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Energies, Volume 7, Issue 6 (June 2014), Pages 3512-4053

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Open AccessArticle An Intelligent Fuzzy Logic Controller for Maximum Power Capture of Point Absorbers
Energies 2014, 7(6), 4033-4053; https://doi.org/10.3390/en7064033
Received: 13 March 2014 / Revised: 29 May 2014 / Accepted: 13 June 2014 / Published: 24 June 2014
Cited by 8 | PDF Full-text (4215 KB) | HTML Full-text | XML Full-text
Abstract
This article presents an intelligent fuzzy logic controller (FLC) for controlling single-body heaving wave energy converter (WEC) or what is widely known as “Point Absorber”. The controller aims at maximizing the energy captured from the sea waves. The power take-off (PTO) limitations are
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This article presents an intelligent fuzzy logic controller (FLC) for controlling single-body heaving wave energy converter (WEC) or what is widely known as “Point Absorber”. The controller aims at maximizing the energy captured from the sea waves. The power take-off (PTO) limitations are addressed implicitly in the fuzzy inference system (FIS) framework. In order to enhance the WEC power capturing bandwidth and make it less susceptible to wave environment irregularities and the system parametric uncertainties, the controller is built to have a self-configurable capability. This also eliminates the need to repeatedly run in-situ tuning procedure of the fuzzy controller or switch between several controllers based on the operating conditions. The fuzzy membership functions (MFs) are optimally tuned using particle swarm optimization (PSO) algorithm. To alleviate the computational burden associated with performing on-line optimization, the fuzzy controller is tuned at a rate significantly lower than the system sampling time. The suggested PSO-FLC has shown promising results compared with the fixed structure fuzzy logic controller (FS-FLC) and other passive control strategies. Several computer simulations were carried out to evaluate the controller effectiveness by applying different sea-states and analyzing the resultant WEC dynamics. Full article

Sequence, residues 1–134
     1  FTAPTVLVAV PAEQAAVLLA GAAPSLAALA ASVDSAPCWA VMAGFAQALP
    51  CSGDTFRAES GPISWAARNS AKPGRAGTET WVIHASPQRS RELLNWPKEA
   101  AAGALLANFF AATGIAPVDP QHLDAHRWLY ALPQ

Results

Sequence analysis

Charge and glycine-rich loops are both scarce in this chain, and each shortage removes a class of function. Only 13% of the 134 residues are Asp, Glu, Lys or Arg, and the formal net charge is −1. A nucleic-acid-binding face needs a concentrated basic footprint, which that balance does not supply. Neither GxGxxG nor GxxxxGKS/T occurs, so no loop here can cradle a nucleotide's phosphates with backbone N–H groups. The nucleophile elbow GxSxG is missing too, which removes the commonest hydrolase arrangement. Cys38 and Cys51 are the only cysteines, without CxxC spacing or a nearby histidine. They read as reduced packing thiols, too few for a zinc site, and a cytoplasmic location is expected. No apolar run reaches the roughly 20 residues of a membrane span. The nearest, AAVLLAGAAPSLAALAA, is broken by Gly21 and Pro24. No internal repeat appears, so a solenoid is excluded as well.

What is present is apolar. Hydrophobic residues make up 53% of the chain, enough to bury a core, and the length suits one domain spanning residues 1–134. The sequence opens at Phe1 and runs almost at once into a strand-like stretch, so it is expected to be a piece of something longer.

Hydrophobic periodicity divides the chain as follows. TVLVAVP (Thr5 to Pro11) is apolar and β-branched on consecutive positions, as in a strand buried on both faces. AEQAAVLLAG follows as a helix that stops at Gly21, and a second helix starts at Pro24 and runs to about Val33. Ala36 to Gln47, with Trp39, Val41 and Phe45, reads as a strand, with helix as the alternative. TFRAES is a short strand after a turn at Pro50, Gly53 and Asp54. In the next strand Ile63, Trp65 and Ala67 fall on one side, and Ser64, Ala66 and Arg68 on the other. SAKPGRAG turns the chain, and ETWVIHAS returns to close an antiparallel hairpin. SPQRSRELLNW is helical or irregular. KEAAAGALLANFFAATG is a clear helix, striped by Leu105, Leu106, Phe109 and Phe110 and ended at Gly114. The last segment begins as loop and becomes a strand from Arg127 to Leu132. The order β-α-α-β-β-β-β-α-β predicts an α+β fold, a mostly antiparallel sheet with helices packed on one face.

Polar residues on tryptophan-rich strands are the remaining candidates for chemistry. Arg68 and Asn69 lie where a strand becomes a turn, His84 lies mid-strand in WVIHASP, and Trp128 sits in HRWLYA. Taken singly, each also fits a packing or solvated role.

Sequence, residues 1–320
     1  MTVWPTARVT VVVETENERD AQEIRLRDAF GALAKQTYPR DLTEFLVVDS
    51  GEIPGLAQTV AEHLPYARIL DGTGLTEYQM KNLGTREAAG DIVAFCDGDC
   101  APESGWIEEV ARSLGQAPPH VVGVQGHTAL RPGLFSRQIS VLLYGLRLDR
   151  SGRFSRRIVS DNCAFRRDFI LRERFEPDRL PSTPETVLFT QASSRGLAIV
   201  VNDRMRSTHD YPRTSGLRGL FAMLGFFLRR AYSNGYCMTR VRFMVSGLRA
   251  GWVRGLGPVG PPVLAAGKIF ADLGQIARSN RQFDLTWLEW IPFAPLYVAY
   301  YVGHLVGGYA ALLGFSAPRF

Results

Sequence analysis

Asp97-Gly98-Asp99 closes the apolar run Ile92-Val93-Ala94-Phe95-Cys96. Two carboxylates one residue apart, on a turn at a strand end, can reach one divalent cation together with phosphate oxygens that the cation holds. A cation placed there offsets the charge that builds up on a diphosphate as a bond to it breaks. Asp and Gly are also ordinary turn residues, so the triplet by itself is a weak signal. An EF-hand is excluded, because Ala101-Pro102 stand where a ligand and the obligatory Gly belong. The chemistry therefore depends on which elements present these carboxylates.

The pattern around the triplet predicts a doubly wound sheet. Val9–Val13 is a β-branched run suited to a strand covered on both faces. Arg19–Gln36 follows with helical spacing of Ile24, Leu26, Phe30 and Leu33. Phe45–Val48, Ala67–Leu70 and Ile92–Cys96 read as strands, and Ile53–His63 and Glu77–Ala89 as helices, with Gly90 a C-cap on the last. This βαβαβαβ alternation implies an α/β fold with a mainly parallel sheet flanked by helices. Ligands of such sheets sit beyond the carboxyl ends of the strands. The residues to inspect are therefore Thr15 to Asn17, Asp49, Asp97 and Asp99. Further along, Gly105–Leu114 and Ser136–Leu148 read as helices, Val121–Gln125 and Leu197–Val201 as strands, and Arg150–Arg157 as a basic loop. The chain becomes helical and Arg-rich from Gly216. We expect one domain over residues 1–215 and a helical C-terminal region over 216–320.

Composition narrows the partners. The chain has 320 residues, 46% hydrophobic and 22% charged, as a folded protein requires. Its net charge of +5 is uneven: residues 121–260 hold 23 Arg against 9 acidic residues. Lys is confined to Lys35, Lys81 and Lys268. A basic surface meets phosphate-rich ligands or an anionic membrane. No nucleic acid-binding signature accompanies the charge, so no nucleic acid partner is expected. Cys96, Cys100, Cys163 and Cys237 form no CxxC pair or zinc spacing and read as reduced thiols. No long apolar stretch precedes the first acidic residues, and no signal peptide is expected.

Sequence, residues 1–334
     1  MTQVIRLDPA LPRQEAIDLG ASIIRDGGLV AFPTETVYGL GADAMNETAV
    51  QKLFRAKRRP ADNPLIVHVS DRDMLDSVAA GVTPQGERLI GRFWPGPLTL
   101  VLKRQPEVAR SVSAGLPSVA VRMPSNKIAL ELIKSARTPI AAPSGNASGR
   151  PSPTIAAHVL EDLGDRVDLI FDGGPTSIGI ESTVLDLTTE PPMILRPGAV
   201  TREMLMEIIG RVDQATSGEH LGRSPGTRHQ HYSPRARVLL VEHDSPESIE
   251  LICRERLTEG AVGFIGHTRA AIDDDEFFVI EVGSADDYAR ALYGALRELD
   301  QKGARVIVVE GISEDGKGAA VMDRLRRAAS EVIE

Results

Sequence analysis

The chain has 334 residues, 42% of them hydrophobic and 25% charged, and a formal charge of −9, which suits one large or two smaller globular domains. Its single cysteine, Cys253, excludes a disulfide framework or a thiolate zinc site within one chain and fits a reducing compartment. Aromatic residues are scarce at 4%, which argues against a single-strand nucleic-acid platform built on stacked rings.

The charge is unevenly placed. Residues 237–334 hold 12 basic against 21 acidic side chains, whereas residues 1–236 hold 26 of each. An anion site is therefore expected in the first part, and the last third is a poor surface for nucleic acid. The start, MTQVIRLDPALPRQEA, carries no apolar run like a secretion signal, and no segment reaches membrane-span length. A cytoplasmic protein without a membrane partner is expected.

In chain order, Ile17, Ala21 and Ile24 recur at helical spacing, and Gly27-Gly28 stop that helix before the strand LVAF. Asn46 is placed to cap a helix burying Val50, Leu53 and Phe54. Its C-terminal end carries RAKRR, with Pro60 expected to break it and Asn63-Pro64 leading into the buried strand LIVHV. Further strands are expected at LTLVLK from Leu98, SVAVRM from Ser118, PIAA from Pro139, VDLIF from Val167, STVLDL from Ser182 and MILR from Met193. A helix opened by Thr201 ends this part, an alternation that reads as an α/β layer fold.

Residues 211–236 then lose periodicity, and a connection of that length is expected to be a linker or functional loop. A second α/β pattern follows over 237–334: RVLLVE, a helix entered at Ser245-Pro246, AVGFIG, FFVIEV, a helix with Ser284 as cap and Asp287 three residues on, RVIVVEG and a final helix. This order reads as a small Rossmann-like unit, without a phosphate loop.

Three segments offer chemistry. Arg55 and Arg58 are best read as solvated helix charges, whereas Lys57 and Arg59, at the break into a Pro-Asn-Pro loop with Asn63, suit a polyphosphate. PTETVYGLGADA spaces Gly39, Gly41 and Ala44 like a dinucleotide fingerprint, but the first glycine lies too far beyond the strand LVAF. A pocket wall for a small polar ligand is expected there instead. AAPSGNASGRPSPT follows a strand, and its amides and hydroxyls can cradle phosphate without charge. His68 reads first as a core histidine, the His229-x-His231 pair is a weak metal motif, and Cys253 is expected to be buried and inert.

Open AccessArticle Investigation of Process Variables in the Densification of Corn Stover Briquettes
Energies 2014, 7(6), 4019-4032; https://doi.org/10.3390/en7064019